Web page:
- The Washington Times - Sunday, April 8, 2007

Washington Nationals manager Manny Acta tinkered with his batting order last night, moving Dmitri Young into the cleanup slot and dropping Austin Kearns to fifth.

Acta also dropped Brian Schneider to No. 8 in the order and moved second baseman Ronnie Belliard into the seventh spot. Those moves were designed to give Acta’s batting order more balance with a left-handed bat following a right-handed hitter.

“It give us an opportunity to split Dmitri and Schneider; they’re not the fastest guys, and it will give us an opportunity here and there that Belliard hitting behind [Ryan] Church maybe have a play on or something,” Acta said.

In the first five games this season, Kearns had hit fourth and Schneider sixth. Kearns, who needs just one RBI for the 300th of his career, has always been a middle of the order hitter. Kearns was primarily Frank Robinson’s No. 5 hitter for the majority of the second half of last season after being acquired in an eight-player trade with the Cincinnati Reds last July 13.

“Fourth, fifth, it doesn’t matter,” said Kearns, who entered last night’s game against the Arizona Diamondbacks hitting .263. “It’s not a big deal to me. You’ve got to go out and do [it] wherever you’re hitting. Wherever you are in the middle of the order, you’re there to drive in runs and get guys in.”

Young, who was initially signed to a minor league deal during spring training, entered last night’s game hitting .316 with one home run and four RBI.

“It’s no different. I’m hitting behind [Ryan] Zimmerman instead of behind Kearns,” Young said. “I don’t look too much into it. It’s going to be right, left, right instead of right, right, left and it mixes things up a little bit. That’s just cleanup as part of the beginning of the game. There might be times where I’m batting leadoff. There may be situations that come up where I’m going to be second, or I get a guy over to second base for Kearns to drive him in. My approach is not going to change.”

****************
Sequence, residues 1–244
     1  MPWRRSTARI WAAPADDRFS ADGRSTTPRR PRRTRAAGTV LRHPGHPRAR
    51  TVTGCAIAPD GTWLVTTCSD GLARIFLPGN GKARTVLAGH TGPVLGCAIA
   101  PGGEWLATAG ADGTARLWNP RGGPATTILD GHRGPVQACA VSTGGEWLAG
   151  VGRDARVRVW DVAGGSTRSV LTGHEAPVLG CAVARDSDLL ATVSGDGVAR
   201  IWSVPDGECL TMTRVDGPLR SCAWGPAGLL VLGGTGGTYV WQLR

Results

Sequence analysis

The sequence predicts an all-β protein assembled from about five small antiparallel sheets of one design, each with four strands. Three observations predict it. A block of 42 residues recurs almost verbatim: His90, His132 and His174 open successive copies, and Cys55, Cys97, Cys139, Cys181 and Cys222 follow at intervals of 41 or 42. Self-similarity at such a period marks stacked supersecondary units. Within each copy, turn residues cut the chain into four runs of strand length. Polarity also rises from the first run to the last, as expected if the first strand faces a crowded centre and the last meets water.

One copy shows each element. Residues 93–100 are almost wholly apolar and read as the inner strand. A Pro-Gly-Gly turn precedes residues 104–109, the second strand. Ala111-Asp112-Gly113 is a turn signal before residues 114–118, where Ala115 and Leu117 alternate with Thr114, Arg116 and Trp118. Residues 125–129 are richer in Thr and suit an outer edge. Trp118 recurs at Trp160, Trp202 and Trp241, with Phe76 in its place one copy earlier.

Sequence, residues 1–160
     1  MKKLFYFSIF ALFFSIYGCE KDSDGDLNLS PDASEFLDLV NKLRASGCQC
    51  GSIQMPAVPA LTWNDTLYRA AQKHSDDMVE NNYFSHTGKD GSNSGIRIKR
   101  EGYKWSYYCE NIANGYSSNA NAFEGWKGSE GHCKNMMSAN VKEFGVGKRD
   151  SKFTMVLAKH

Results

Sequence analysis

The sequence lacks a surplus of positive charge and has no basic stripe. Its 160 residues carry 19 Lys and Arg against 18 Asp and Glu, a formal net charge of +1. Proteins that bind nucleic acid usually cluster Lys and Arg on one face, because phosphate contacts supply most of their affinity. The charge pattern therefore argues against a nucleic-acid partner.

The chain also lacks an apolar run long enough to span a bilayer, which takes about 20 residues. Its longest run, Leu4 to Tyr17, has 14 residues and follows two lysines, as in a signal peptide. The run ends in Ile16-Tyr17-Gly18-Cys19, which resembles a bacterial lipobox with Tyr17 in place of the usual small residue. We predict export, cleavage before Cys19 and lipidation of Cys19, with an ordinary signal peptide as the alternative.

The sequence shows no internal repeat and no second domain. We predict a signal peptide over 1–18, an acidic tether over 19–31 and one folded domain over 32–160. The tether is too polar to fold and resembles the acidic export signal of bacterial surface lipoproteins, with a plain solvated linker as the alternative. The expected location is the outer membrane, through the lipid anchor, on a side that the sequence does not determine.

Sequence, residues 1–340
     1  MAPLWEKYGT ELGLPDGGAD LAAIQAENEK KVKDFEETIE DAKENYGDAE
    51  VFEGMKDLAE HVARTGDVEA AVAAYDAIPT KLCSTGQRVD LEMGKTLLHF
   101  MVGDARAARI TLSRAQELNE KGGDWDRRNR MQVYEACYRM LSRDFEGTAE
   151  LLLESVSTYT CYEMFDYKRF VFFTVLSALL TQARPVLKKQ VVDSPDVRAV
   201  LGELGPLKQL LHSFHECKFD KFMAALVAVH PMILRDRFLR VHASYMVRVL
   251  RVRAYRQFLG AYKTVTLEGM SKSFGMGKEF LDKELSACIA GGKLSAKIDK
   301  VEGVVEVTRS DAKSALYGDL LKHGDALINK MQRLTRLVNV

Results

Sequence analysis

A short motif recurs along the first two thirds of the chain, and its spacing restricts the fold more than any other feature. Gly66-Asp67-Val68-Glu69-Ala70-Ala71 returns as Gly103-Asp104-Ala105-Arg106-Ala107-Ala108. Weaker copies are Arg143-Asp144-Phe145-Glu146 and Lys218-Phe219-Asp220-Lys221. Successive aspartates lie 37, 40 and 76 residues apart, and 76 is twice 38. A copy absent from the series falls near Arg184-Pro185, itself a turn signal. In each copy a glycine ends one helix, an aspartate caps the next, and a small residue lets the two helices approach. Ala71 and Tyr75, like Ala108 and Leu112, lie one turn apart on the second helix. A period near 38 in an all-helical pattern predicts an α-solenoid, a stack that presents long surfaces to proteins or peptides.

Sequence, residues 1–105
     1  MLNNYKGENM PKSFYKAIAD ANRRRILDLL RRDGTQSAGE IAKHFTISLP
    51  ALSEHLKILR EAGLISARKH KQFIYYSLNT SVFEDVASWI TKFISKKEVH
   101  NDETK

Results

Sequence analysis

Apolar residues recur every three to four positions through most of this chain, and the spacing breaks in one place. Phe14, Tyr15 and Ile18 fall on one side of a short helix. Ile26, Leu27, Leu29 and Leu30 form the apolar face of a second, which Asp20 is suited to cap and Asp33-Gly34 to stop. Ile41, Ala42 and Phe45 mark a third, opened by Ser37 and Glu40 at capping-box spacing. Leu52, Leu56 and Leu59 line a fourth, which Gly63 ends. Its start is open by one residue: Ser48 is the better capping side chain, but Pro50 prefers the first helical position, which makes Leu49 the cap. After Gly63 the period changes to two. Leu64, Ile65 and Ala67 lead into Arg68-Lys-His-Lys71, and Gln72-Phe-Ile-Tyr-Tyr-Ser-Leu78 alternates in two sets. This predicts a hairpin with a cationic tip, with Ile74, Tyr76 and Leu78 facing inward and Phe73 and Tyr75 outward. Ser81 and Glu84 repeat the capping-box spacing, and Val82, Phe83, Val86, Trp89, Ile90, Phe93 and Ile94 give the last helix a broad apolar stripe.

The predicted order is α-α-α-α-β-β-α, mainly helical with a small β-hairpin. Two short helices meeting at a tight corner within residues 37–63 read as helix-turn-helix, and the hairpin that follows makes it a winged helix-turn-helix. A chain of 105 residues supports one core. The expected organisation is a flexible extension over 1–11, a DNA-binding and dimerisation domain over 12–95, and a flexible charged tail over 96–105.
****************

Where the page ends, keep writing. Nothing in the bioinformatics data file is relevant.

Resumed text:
Hill’s ERA plunges

An official scoring change yesterday slashed Shawn Hill’s earned run average in half. The Canadian right-hander will certainly take it.

Hill’s ERA went from an inflated 7.20 to a respectable 3.60. The play in question occurred during the first inning of Tuesday’s 9-3 loss to the Florida Marlins. Marlins second baseman Dan Uggla hit a hard ground ball up the middle. Nationals shortstop Josh Wilson made a diving stop to his left on Uggla’s ball.

However, Wilson tried to start a double-play by flicking the ball out of his glove. Wilson’s flick sailed wide of second baseman Felipe Lopez and the bag and all runners were safe. The play originally was scored a fielder’s choice. Upon further review, Wilson was charged with an error because there was sufficient time for Wilson to get the ball out of his glove and start the double play.

“I threw the way I threw, so it doesn’t change that a whole lot, but in terms of numbers, it makes it look a little bit better,” Hill said. “Hopefully, down the road when you add it all up, it’s going to bring [my ERA] down minimally, but it’s a little bit better.”

Hill originally was charged with four earned runs allowed in five innings. With the scoring change, Hill was charged with only two earned runs. Hill first heard of the scoring change on Wednesday from his family.

“My family told me they were looking around and I didn’t realize it,” Hill said. “I didn’t go check it or anything. They saw the difference and my profile showed the same thing. So, they saw a discrepancy and told me about it.”

For Wilson, that marked the first of two errors in the game.

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